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Serving the forgotten language communities in a time of change

ABOVE PHOTO BY ZEKE DU PLESSIS

In the world of Bible translation, the linguistic and social landscape looks very different from the situation 64 years ago, when the Australian mission community started Wycliffe in Australia as a specialist mission to support Bible translation and training in linguistics.

PART ONE: Surveying the language landscape

How many languages?

According to SIL International’s Ethnologue, current estimates indicate there are 7,099 languages spoken today, and this number is constantly in flux¹.

Multilingualism

These numbers, however, are not able to represent the many people in the world who speak two or more languages, and who are choosing to adopt national and international languages as part of their speech repertoire. Urbanisation, mass movement of people through chosen or forced migration, and the growing place of international languages in education and commerce, as part and parcel of globalisation, all contribute to the complex multilingual world we live in today. While some isolated and predominantly monolingual communities do still remain, they are now the exception rather than the rule.

Language loss

A related factor impacting the number of active languages in the world today is language loss, which is happening at a faster rate than ever before in the history of humankind. According to the Ethnologue, 2,467 of the existing languages are endangered².

What does this mean for Bible translation?

According to http://progress.Bible, there are 3,324 languages with some Scripture as of December 2017³. Simple maths might suggest that this means the remainder of the languages need Bible translation. However, multilingualism and reduced numbers of speakers, as language communities undergo language shift, are major contributing factors in this discussion. Wycliffe’s estimates suggest that there are over 114 million people, speaking 1,636 languages, likely to need some form of Bible translation to begin⁴.

PHOTO: MARC EWELL

PART TWO: The opportunities of multilingualism

God’s mission to restore his kingdom on earth is a ‘here and now’ event. We may look back to the past at what God has done and into the future to what we hope for, but it is in the present that we are called to be God’s people and to make God’s name known. Wycliffe is called to embrace and respond to the linguistic reality of today.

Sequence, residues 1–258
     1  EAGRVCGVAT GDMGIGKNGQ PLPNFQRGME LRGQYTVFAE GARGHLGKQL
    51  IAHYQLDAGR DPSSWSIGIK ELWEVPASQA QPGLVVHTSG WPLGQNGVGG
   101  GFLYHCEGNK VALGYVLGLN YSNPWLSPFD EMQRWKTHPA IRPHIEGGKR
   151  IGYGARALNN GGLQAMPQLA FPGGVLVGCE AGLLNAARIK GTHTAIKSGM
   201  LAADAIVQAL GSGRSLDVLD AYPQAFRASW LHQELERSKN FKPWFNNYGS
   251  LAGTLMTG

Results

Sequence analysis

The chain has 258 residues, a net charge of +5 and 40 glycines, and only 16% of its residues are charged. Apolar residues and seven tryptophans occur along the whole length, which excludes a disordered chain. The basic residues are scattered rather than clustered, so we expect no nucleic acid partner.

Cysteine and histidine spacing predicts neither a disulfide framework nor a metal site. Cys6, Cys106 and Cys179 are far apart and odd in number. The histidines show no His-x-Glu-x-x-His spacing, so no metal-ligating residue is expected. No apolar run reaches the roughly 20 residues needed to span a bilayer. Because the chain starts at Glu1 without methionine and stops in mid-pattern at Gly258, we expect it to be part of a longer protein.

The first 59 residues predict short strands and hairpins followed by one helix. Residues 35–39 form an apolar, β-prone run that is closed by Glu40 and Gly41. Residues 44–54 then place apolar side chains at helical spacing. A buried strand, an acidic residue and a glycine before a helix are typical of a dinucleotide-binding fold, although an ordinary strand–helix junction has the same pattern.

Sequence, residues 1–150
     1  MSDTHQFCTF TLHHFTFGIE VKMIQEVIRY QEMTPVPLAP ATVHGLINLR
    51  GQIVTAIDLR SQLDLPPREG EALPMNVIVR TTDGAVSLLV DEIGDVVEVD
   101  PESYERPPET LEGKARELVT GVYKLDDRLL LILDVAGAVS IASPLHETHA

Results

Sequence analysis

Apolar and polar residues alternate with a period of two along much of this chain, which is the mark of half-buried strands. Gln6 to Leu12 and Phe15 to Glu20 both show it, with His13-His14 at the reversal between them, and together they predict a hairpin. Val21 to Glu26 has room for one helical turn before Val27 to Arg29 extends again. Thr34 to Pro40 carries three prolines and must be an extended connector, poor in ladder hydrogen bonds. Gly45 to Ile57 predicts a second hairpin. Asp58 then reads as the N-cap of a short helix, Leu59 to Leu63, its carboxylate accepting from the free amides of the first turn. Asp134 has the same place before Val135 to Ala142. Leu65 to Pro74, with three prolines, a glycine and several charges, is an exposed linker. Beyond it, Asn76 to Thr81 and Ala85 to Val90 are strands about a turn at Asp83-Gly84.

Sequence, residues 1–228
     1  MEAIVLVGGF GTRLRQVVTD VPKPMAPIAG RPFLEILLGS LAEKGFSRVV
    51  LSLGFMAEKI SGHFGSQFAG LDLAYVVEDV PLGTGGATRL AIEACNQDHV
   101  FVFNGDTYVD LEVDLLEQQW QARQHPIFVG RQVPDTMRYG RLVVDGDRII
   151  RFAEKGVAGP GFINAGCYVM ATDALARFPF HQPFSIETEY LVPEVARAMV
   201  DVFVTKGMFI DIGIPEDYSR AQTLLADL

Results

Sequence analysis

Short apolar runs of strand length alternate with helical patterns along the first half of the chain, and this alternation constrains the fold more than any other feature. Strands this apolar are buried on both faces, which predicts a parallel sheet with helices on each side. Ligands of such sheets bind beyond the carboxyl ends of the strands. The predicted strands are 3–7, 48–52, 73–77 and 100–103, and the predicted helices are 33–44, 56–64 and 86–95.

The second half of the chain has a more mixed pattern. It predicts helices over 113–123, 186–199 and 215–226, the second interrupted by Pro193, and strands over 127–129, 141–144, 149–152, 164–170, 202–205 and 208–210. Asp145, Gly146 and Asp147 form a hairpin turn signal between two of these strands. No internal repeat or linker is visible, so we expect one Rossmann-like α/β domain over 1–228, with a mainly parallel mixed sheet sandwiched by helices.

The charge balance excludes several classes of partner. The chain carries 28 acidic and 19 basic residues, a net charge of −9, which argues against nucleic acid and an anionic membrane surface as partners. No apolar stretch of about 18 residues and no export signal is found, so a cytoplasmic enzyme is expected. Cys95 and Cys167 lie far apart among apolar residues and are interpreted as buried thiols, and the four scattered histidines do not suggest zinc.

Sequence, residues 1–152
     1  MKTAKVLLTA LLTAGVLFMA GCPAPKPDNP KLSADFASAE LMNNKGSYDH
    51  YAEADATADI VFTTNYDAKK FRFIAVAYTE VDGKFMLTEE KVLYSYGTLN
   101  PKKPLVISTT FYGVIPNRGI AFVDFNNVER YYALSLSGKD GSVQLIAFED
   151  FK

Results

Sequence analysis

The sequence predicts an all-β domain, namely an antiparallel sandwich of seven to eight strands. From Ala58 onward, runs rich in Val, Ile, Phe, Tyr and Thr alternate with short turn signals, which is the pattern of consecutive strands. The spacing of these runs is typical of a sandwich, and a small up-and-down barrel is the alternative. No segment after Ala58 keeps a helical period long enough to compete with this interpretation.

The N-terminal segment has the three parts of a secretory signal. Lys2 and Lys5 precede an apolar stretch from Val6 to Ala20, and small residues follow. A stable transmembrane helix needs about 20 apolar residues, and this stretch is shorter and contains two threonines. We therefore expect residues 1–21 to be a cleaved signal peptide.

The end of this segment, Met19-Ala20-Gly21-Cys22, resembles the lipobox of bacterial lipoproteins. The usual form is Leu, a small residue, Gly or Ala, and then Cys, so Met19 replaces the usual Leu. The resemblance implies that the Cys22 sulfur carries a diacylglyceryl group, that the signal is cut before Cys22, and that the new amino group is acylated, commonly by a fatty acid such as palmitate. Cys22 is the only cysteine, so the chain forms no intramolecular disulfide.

More Bible translation programs now

Traditionally translation strategies considered language communities from a monolingual perspective. Increasing multilingualism, however, is not cause for despair. Local multilingual speakers are well equipped to contribute and take the lead in translating their own Scriptures. In fact, there has never been more Bible translation occurring than now. Currently there are 2,584 active language programs across 170 countries involving the Wycliffe Global Alliance organisations and personnel and many other churches and missions⁵. This is a massive movement.

Serving language communities unbounded by location

Through Bible translation, we also now forge relationships with language communities that are no longer bound to one location. Speakers may be living on traditional land as they have done for centuries, but some speakers are also in enclaves in cities or refugee camps. The Farsi Bible translation (read Iranian Christian diaspora serves Farsi speakers worldwide) is one example of this modern day scenario.

Being present in times of stress

Bible translation today also takes us into language communities who are struggling with identity and an uncertain future as older people see their more mobile grandsons and granddaughters begin to shift away from their heritage language⁶ for a national or international one. With this comes a loss of unique cultural stories and values that have defined a people for generations. The gospel in the heart language of these older people is critical at a time like this. We do not abandon them without hope. The good news may come as an audio Scripture reading of a Gospel, or the Jesus Film, rather than a full New Testament, but it still needs to come in the language that speaks best to them, and it is our privilege to serve for that purpose.

 

¹ Simons, Gary F. and Charles D. Fennig (eds.). 2017. Ethnologue: Languages of the World, Twentieth edition. Dallas, Texas: SIL International. Online version: https://www.ethnologue.com/guides/how-many-languages.

² https://www.ethnologue.com/endangered-languages.

³ http://progress.Bible. Online version 25 Jan 2018.

⁴ Statistics dated October 2017. http://www.wycliffe.net/en/statistics

⁵ http://www.wycliffe.net/en/statistics

⁶ Definition: A heritage language is a minority language learnt by its speakers at home as children, but never fully developed, because speakers grow up with a dominant language, in which they become more competent. Polinsky & Kagan label it as a continuum that ranges from fluent speakers to barely speaking individuals of the home language. https://en.wikipedia.org/wiki/ Heritage_language#

 

Pray: Ask God for vision to embrace new opportunities, courage to attempt new ideas, and faithfulness to remain true to God’s calling.

Go: Want to experience first hand what might be involved in Bible translation ministry? Join us for a short-term trip find out more.

This story is from Wycliffe Today – February 2018 Edition (PDF)


About the Author: Barry Borneman, Wycliffe Australia CEO. Find out more

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Thanks for your patience...

Waiting is hard, isn't it. But imagine waiting 2000 years for Scripture in your language! Thanks for your patience. And thanks for your generous support which will help bring the long wait to an end...